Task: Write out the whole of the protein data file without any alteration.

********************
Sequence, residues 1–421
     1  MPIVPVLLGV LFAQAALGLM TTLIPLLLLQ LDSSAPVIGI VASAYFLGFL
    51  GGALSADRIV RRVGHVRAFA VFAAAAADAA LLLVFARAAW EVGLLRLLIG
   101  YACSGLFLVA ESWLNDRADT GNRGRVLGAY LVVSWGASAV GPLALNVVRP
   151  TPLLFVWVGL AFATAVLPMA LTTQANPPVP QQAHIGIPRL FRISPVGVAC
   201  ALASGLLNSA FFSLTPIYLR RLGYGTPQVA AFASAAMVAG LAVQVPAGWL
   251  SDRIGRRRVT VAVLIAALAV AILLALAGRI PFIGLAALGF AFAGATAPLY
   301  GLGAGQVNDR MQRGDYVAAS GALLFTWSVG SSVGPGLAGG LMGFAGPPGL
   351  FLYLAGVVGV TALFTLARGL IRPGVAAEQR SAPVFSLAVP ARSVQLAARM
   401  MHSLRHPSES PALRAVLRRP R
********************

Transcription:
Sequence, residues 1–421
     1  MPIVPVLLGV LFAQAALGLM TTLIPLLLLQ LDSSAPVIGI VASAYFLGFL
    51  GGALSADRIV RRVGHVRAFA VFAAAAADAA LLLVFARAAW EVGLLRLLIG
   101  YACSGLFLVA ESWLNDRADT GNRGRVLGAY LVVSWGASAV GPLALNVVRP
   151  TPLLFVWVGL AFATAVLPMA LTTQANPPVP QQAHIGIPRL FRISPVGVAC
   201  ALASGLLNSA FFSLTPIYLR RLGYGTPQVA AFASAAMVAG LAVQVPAGWL
   251  SDRIGRRRVT VAVLIAALAV AILLALAGRI PFIGLAALGF AFAGATAPLY
   301  GLGAGQVNDR MQRGDYVAAS GALLFTWSVG SSVGPGLAGG LMGFAGPPGL
   351  FLYLAGVVGV TALFTLARGL IRPGVAAEQR SAPVFSLAVP ARSVQLAARM
   401  MHSLRHPSES PALRAVLRRP R